Although it would be nice to be factory-trained on every piece of equipment (and have electrical troubleshooting fundamentals decision-tree or flowchart, too!), reality hands us a different situation. You may be tasked with troubleshooting a piece of equipment or a system that you haven’t seen before.
Caution: Before proceeding, make sure you are qualified (per the OSHA definition) to service that category or class of equipment.
For example, you have standard training as an electrician, so you can troubleshoot a 120V receptacle problem. But your boss wants you to figure out why a 400A, 480V circuit breaker is malfunctioning and repair it. You may be qualified to determine the problem is in the breaker, but you aren’t qualified to actually work on that breaker.
Here are some Electrical Troubleshooting Fundamentals
The first step
The most fundamental step in troubleshooting is to check the power supply. For example, a motor won’t start. Is the disconnect open? If the disconnect is closed, you’d probably want to check the motor overload devices (typically “heater” strips). If they look OK, then you’d use your DMM to see if there’s power to them, and, of course, on the motor side of each one.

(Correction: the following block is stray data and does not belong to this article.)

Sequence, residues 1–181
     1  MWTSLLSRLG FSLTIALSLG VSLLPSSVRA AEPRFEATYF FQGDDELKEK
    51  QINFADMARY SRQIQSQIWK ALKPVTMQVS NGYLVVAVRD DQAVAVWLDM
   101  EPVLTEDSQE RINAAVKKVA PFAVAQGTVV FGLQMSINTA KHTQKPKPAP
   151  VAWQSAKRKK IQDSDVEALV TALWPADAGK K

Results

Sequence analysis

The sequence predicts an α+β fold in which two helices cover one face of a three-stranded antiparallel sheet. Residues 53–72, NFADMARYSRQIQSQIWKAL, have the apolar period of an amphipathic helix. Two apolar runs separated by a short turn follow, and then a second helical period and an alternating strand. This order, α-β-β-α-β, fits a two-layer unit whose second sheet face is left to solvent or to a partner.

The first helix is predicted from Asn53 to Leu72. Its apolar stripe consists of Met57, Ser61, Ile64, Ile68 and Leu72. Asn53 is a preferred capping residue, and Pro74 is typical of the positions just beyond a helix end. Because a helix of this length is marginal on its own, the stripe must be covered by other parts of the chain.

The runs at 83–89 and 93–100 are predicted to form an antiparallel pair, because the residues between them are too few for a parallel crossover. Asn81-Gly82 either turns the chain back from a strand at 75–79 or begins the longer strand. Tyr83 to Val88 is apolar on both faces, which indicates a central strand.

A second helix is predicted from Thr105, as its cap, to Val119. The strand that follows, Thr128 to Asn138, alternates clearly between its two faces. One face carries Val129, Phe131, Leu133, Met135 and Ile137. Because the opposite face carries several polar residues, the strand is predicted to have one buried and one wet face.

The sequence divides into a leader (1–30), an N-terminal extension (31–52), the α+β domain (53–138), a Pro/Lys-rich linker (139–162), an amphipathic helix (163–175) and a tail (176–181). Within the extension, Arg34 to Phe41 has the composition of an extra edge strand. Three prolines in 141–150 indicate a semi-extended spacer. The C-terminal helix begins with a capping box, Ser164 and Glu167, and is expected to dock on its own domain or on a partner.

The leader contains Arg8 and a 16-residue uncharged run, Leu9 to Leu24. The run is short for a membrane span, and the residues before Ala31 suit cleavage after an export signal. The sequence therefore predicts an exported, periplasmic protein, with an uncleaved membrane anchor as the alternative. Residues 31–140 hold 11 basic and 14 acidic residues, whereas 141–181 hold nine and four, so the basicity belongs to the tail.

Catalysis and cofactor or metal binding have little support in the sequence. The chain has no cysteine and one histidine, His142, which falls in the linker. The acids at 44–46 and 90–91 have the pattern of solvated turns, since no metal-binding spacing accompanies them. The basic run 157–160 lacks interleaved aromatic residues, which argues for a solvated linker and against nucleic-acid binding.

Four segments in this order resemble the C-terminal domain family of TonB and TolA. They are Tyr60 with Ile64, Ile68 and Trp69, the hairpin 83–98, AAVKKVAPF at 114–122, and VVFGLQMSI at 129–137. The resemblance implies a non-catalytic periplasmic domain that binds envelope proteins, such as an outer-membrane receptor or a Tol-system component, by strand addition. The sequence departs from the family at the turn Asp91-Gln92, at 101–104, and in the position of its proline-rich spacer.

If there’s no power, employ the “divide and conquer” strategy to find the power problem. In this situation, for example, you’d go to that disconnect and see if there’s power to it. If so, do a visual inspection before closing it so you know (with very high probability) there will be power coming from the disconnect.
If there’s power at the disconnect, then you’ve saved yourself a wasted trip to the breaker that’s in a panel halfway across the plant. The problem is between the disconnect and the overload device.
If there’s no power at the disconnect, then you’d go to the branch circuit breaker and check it. If the breaker is supplying power, the problem is between there and the disconnect.
Read more about electrical troubleshooting fundamentals at ecmweb.com